Police exist to protect interests of rich people against the poor

General Service Unit (GSU) officers mount a guard of honour during past pass-out parade. [File, Standard]

Does Kenya have a police brutality problem? To answer that question, one would need to understand the history of policing globally.

On the face of it – and in many cases this is true – it is generally understood currently that the function of the police is to protect and serve. We are taught that the police exist in a State to ensure that security is maintained, crime is curbed or prevented, and the citizenry feels safe. But the truth behind policing is far more different than that and, like most nefarious systems, begins with a history of slavery and colonialism.

Modern-day policing draws its origins from the slave patrols of North America and Europe. In order to surveil and control the movement of enslaved people, particularly in cities, patrolling systems made up of sentinels who worked to ensure that nobody escaped slavery, and that those who did were quickly found were set up.

Centuries later, with the marking of the end of slavery, policing took on a new face, capturing black people who were found either committing major crimes or even minor ones such as loitering. Whether one was loitering or idling was at the discretion of the police, and upon arrest and sentencing, the convict would be joined to a chain gang, performing labour for free, much like an enslaved person would.

In Kenya, one can draw parallels between this and the kipande system, which policed the movement of the natives, particularly in towns like Nairobi that had a large white population. For the safety of peace of mind of the white minority, it was important that the black majority carry a pass to enable some level of unrestricted movement.

From their history then, the police exist to protect the interests and properties of the wealthy against the poor and, where the divide is also racial, to protect the colonising minority from the racial majority. In Kenya, this primary function of policing today manifests itself in the penal laws and the petty crimes that one can be arrested for. Loitering and idling continue to be offences that many have been taken to prison for. When it comes to trades that are exclusively connected to the lower classes, hawking and begging have also landed many in jail.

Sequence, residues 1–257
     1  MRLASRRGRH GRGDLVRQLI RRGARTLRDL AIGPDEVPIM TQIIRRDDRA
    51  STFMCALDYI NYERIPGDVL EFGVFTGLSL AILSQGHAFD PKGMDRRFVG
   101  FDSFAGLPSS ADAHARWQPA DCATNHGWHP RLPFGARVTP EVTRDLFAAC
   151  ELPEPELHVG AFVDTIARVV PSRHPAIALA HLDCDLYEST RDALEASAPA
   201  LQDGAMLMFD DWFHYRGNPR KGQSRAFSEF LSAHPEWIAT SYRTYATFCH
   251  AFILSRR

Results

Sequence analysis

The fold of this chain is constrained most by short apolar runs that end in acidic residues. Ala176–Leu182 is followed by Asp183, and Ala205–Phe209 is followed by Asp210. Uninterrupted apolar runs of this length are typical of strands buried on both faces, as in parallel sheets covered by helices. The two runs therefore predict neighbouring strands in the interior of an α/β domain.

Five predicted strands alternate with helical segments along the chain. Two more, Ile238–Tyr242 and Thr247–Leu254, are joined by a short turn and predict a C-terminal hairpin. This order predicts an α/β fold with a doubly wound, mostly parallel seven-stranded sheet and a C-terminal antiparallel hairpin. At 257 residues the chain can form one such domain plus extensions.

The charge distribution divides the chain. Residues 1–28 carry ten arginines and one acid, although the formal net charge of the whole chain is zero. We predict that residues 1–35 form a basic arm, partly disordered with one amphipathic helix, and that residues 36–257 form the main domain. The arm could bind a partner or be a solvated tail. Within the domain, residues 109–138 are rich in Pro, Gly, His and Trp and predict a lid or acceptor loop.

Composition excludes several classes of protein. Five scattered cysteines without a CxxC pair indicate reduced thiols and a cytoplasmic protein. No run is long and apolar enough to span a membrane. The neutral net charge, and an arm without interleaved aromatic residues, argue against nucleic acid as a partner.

The need to control the majority and protect the minority can again be witnessed in how the middle classes approach civil unrest and the destruction of property as the ultimate crime. The recent protests by Azimio against the government in power are proof of this.

Protests that involve the destruction of property – even where these protests target the cost of living and the difficulty of surviving – are viewed as being imperfect; barbaric. The retaliation by police to this destruction of property by utilising force is viewed by some as being justified in light of what is viewed as hooliganism. The property of the wealthy thus takes precedence over the lives of the poor.

The use of the police as a tool of imperial force is further established by the fact that Kenya has been in talks with the United States to send its troops to Haiti. Haiti, the first black country to gain independence and abolish slavery, has had a long history of political interference from Western powers and, subsequently, political unrest.

For the United States to meddle in the affairs of Haiti is grossly neocolonial, but even the United States recognises that it would be a stretch too far to send its own force to restore order. That Kenya is willing to volunteer its own forces to bring Haitians to heel shows a lack of solidarity against imperialism that can only continue to spell doom for the black diaspora.

And so, with the brutal extrajudicial killings of 12 people during last year’s protests, as well as the heinous murders of Baby Samantha Pendo and many others in recent years; and knowing that, inherently, the purpose of the police force (and by extension, the prison) is to discipline and punish the poor, can we really question the existence of brutality in our police? If anything, the brutality is a feature, not a bug, in the system.

-Ms Gitahi is a researcher and PhD candidate